2017 Humanitarian Requirements Document launched
The Government of Ethiopia and humanitarian partners officially launched the Humanitarian Requirements Document (HRD) for 2017 on 17 January 2017.
The HRD seeks US$948 million to help 5.6 million people with emergency food and non-food assistance mainly in the southern and eastern parts of the country.
“Humanitarian partners stand ready to support the Government in addressing the needs of those Ethiopians affected by this new drought. To do this we count on urgent support from the international community to help us to again save lives and protect Ethiopia’s impressive development gains,” says Ms. Ahunna Eziakonwa-Onochie, the UN Resident and Humanitarian Coordinator Ms Eziakonwa-Onochie.
“If well resourced, the 2017 Humanitarian Requirements Document will ensure a well-coordinated, timely and prioritized humanitarian response,”added Ms. Eziakonwa-Onochie.
“Last year the Government of Ethiopia, with the support of international donors and humanitarian partners, was able to mount the biggest drought response operation in global history. Today we need that partnership once again as we face a new drought, with 5.6 million in need of urgent assistance”, says Commissioner Mitiku Kassa, Head of the National Disaster Risk Management Commission (NDRMC).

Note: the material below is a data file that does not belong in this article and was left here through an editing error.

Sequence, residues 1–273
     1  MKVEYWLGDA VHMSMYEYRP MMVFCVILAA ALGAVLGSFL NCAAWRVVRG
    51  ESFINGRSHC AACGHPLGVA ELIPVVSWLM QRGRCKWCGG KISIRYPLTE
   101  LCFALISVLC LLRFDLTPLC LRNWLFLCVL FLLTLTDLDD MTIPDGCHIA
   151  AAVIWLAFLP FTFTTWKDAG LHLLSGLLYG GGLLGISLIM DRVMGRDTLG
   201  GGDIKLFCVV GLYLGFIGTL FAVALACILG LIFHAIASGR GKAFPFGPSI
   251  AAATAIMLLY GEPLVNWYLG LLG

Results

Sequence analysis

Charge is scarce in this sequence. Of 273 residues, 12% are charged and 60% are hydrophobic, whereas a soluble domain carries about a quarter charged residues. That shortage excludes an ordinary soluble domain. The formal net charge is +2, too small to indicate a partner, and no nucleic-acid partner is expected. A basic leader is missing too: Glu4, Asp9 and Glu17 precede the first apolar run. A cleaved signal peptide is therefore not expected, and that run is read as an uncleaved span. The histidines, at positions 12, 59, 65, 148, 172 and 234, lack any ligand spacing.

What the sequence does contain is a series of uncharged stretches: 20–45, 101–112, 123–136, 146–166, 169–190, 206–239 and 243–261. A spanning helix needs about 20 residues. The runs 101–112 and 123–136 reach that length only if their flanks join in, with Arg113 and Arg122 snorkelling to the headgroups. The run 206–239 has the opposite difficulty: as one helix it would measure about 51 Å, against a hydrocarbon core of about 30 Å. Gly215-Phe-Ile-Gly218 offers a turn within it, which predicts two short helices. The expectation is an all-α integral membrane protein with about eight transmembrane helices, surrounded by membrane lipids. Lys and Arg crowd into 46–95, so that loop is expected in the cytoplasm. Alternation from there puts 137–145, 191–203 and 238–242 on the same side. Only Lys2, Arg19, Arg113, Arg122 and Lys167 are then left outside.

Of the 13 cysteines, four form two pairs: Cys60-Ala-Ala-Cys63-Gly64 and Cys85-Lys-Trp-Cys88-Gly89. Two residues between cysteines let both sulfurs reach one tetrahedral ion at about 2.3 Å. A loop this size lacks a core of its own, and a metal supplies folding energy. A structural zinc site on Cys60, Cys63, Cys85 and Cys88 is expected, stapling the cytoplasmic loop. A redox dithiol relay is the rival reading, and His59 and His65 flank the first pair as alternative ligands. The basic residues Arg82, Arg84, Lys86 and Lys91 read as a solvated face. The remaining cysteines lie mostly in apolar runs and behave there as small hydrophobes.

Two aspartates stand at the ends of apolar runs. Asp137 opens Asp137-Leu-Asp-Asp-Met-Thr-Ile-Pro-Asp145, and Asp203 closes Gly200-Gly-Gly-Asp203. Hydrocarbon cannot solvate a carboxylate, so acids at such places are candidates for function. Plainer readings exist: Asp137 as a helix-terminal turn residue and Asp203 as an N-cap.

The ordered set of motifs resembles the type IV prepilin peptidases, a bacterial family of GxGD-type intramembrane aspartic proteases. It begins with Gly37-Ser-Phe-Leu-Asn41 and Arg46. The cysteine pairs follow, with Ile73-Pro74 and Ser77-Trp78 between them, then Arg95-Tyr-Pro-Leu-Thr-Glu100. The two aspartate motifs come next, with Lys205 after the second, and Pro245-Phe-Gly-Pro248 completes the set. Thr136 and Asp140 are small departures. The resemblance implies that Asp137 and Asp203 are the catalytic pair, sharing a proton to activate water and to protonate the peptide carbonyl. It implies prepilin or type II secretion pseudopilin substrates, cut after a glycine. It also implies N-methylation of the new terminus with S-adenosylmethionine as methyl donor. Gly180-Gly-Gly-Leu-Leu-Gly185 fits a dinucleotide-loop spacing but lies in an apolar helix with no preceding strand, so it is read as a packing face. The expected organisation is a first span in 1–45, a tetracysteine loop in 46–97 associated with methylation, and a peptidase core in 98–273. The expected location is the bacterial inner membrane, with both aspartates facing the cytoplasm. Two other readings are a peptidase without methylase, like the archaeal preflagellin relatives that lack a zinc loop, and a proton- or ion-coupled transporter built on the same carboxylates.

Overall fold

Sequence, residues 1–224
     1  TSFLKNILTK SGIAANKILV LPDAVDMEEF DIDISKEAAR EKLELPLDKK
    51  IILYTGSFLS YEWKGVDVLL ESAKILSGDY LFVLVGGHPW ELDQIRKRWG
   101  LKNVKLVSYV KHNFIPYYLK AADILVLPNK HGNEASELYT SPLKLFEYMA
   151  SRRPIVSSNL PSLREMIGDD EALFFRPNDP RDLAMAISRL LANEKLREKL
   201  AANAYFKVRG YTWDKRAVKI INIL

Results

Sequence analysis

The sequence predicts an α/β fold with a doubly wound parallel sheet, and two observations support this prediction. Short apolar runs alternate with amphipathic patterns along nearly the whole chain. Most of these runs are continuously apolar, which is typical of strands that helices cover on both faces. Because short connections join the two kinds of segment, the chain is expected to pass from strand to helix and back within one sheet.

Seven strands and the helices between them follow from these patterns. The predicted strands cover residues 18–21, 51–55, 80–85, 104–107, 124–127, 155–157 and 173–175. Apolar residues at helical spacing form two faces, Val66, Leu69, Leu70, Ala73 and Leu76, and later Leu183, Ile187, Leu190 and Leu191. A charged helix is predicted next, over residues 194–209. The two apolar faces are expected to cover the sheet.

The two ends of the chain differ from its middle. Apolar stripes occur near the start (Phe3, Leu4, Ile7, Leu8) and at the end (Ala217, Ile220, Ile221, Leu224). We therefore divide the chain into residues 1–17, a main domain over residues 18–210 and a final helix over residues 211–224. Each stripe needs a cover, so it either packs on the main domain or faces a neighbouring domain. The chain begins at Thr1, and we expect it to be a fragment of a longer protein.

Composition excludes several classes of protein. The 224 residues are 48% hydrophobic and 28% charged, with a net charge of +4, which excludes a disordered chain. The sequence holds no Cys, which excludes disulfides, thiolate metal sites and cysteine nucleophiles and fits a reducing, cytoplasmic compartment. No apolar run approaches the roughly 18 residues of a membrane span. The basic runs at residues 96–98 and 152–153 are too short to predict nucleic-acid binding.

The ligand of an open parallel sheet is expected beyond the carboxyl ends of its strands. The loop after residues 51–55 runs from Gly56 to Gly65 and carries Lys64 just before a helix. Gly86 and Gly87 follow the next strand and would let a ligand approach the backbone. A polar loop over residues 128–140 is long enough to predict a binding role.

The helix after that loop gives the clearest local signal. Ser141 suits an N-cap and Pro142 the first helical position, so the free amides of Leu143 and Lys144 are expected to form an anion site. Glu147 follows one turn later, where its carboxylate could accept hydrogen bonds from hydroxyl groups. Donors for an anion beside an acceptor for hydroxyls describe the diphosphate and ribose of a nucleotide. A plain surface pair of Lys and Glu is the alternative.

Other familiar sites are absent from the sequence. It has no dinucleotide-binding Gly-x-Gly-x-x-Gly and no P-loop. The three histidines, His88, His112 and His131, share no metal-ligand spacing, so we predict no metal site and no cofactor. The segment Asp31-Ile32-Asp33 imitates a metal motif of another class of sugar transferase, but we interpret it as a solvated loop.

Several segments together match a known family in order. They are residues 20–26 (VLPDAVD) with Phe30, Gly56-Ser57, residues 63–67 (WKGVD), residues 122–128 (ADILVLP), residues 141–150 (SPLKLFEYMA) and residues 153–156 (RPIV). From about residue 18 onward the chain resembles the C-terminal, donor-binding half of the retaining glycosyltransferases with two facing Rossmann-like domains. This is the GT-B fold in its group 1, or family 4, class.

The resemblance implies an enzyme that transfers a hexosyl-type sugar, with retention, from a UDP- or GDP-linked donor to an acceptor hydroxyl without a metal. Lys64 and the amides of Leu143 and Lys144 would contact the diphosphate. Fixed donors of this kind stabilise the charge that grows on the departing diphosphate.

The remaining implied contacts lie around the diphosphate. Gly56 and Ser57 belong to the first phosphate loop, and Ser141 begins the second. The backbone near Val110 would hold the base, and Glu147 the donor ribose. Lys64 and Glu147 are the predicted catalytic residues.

“The Government of Ethiopia has committed US$47.35 million as a first installment for the 2017 HRD,” added the commissioner.
Failed rains in southern and eastern parts of the country caused by the negative Indian Ocean Dipole have left 5.6 million people in urgent need of assistance. The 2017 HRD presents prioritized plans in water and sanitation (WaSH), agriculture, relief food, nutrition, health, education, protection, and shelter and non-food items in the affected areas. Out of the $948 million sought for the 2017 response, $598 million is targeted for relief food, $105 million for nutrition, and $86 million for WaSH needs.
Nearly 230 representatives from the Government, UN, NGOs and donors visited affected communities across Ethiopia’s nine regions. The assessment concluded that some 5.6 million people will be in need of assistance in the course of 2017.